We are currently under the thumb of an extremely powerful parliamentary dictatorship. This government has placed power in the hands of a number of dirty politicians. These politicians have shown that they are willing to abuse their power to protect bad people. These politicians are also willing to support their ministerial colleagues who pose a grave threat to the reputation of our royalty. Crisis now seems to be around every corner. The stability and sovereignty of our nation is clearly affected by these political developments. Our three southernmost provinces face violence on an almost daily basis, but the government seems to be largely ignoring that problem. Additionally, Cambodia seems intent on invading our territory and stealing our heritage. Religion is also being used as a political football by this government, as part of its current attempt to convince people that constitutional amendments are necessary. The reputation of our royalty is being defamed on a regular basis. Ordinary people are suffering from galloping inflation, with higher prices for many goods. In the face of so many crises, we might well ask ourselves what exactly the military is doing about all these things. Have they not always promised to protect the nation, its people and the monarchy? That said, we must also remember that it is vital that we do not once again make the big mistake of thinking that a coup is the only solution to all our problems.

Trying to make me quit - Manager, Column: Chim Pai Da Pai, Author: Bancha/Kamin, May 27, 2008
Left: There are 2 tigers trying to make me quit being PM – yesterday
Middle: There are 18 Buddhist saints trying to make me quit being PM – today
Right: There are 67 million humans trying to make me quit being PM – tomorrow
[Anyone know what the "2 tigers" and "18 monks" refers to? Update: A reader notes: 2 tigers refers to 2 senators and 18 monks refer to 18 columnists...]

Government must act before things get worse - translated and summarized from Krungtep Turakit; Column: Criticism, May 21, 2008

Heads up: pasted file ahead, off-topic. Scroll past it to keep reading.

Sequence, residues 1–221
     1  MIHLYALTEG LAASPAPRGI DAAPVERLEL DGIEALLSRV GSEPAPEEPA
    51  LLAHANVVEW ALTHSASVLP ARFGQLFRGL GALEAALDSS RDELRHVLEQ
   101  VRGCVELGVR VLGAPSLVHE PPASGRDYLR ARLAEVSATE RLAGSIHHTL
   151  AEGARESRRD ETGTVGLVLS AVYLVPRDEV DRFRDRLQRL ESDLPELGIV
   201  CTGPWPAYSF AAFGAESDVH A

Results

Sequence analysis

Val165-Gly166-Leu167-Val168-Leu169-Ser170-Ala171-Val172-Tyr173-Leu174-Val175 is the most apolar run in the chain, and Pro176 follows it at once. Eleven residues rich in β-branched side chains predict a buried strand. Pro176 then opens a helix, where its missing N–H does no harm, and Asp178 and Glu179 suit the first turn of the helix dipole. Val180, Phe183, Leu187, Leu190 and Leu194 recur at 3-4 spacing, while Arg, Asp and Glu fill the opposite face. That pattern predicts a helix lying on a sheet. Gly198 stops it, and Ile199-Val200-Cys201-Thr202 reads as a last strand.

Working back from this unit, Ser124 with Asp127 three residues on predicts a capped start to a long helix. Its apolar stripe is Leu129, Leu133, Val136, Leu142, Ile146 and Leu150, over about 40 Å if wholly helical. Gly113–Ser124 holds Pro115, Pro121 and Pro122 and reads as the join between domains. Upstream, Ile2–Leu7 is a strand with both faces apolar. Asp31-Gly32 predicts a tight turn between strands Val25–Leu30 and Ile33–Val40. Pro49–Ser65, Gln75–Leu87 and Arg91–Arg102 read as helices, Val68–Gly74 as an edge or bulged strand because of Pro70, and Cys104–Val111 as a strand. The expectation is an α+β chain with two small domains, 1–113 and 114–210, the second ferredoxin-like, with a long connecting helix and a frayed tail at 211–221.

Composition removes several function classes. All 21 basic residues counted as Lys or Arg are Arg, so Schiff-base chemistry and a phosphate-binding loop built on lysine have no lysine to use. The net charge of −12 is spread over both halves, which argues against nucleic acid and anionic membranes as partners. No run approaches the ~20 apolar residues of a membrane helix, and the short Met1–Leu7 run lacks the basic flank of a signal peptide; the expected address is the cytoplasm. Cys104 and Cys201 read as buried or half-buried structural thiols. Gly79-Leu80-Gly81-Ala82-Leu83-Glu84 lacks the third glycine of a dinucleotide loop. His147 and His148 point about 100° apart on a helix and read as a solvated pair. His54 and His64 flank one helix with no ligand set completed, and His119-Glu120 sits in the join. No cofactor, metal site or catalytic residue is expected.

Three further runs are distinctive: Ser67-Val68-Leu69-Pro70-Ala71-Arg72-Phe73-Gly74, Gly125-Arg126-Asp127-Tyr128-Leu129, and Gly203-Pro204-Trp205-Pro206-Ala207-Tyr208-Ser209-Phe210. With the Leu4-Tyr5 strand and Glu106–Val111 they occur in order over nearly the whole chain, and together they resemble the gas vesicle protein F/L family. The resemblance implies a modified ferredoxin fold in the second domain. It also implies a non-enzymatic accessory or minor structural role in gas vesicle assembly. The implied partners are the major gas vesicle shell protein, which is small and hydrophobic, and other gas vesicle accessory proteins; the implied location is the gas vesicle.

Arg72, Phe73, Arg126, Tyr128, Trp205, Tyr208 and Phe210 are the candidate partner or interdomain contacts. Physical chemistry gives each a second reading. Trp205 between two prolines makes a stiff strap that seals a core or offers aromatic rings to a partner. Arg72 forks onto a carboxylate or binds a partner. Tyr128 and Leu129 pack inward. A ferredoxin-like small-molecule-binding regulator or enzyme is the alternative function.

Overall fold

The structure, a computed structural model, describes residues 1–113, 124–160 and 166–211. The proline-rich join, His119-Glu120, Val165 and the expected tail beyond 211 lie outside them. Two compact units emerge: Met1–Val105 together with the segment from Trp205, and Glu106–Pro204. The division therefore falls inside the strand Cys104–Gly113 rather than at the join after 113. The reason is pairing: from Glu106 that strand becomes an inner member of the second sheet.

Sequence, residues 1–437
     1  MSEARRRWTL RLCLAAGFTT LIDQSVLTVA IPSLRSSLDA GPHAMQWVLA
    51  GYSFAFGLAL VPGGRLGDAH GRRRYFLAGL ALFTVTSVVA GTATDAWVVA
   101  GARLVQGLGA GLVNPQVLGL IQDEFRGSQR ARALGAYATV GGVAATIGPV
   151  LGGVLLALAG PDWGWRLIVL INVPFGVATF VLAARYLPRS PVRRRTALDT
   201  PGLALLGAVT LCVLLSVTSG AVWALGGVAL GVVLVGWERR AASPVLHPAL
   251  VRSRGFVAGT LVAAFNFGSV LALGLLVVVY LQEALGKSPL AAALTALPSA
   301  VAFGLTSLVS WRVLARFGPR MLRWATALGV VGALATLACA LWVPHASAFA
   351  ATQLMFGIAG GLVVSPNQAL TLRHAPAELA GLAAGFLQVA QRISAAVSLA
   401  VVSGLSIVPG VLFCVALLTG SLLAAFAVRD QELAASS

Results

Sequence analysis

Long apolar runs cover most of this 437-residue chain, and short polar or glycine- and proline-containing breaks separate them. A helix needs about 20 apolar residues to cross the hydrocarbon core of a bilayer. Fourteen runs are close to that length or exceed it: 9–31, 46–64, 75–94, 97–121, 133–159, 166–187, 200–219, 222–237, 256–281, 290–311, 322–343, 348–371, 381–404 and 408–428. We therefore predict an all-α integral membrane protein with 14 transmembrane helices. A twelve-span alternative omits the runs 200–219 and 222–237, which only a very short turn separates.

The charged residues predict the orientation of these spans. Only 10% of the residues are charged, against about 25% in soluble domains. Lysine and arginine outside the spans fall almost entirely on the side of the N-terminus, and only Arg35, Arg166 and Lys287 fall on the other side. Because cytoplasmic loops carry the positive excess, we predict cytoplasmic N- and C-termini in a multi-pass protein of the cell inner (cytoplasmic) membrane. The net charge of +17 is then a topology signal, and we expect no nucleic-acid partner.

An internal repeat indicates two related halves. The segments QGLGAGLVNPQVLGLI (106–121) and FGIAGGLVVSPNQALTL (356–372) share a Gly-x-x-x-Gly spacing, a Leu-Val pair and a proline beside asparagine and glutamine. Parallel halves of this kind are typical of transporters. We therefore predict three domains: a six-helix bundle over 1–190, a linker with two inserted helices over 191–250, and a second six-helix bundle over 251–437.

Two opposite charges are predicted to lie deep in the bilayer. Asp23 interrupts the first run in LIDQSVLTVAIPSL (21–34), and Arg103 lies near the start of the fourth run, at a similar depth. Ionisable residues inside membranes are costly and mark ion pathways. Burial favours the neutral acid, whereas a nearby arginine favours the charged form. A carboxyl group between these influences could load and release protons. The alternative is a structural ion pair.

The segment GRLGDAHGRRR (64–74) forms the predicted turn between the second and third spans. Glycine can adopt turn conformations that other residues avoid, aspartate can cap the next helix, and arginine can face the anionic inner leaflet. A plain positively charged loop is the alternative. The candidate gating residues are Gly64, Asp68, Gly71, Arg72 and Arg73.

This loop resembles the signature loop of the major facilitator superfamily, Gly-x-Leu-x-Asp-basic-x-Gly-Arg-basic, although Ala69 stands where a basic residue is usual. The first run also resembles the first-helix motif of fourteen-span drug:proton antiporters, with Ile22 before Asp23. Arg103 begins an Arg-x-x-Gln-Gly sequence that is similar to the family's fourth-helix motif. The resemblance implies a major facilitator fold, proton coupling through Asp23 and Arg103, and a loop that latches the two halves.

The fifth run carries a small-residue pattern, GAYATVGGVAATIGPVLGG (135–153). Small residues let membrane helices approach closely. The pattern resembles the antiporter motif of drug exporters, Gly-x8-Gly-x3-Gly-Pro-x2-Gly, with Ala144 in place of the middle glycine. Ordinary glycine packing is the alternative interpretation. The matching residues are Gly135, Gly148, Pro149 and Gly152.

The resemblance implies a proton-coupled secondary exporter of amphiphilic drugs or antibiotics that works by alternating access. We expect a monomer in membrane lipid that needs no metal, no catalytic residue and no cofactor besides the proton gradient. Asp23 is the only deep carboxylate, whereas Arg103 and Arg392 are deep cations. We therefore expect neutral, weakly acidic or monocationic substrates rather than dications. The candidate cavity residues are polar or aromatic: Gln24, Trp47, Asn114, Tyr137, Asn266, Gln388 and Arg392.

There is an urgent need to stop the severe damage that is currently being inflicted on the reputation of our royalty. We must avoid this situation getting even worse, if we are to avoid the defamation of our royalty becoming even more widespread. Our royalty must not be dragged into political conflicts, and must also not be used as an excuse to mount a coup d’état. The Ministry of Interior recently reported that 29 websites are suspected of spreading information that could negatively impact the monarchy - and so cause violent conflict between different groups in our society. One government minister has come under heavy public criticism for expressing opinions that seem to pose a grave threat to our royalty, but the current government shows no haste to ensure that this does not reoccur. The government must act quickly to resolve this crisis. Any action it takes, however, must be conducted in an even-handed and transparent manner. 

‘Big Boss’ might even miss his chance to seek political asylum - translated and summarized from Krungthep Turakit; Kae Roi Karn Muang; Author: Reporter No. 10, May 26, 2008
The present-day image of a group of former Thai Rak Thai (TRT) Party politicians, who are currently engaged in a number of social welfare projects, could be viewed in two ways. From one viewpoint, they could be perceived as engaged in projects of considerable worth to the nation. From the other viewpoint, their social welfare projects could be construed as little more than a publicity stunt to keep their faces continually in the public domain - thus acting as a constant reminder of their previous political endeavors.
People Power Party (PPP) Members of Parliament, under the close eye of the new House Speaker 'Chai Moche' (AKA Chai Chidchob), are presently talking about their desire to amend the 2007 Constitution. This move appears to be a ploy to get 111 former TRT Party members ‘out of jail’.
The person who has the most to gain from these political moves is, undoubtedly, the 'Big Boss' - who once again has a very prominent presence on the local political scene. Indeed, he shows no intention of giving up on his relentless push to once again monopolize many aspects of Thai society.
It now seems apparent that the ‘Big Boss’ is not yet ready to abandon his quest to regain the absolute power that he once enjoyed. He even shows signs of wanting to speed up the political game in which he is currently engaged.
One source says that the current 'nominee' Prime Minister, Samak Sundaravej, might soon find that his tenure in that position is at an end - as the ‘Big Boss’ and his Cambodian soothsayer are both of the opinion that Samak is incapable of obeying the orders that emanate from Chan Song La Palace - the official residence of the ‘Big Boss’.
It seems that just about all the possible ‘next’ moves, that the ‘Big Boss’ can make, are likely to backfire on him in one way or another. One bad move could end all of his chances to regain his former dominance over Thai society. He could even forfeit the opportunity to seek political asylum, if he places a foot wrong.

A coup seems to be on the way - translated and summarized from Phujatkan; Author: Sirianya; May 23, 2008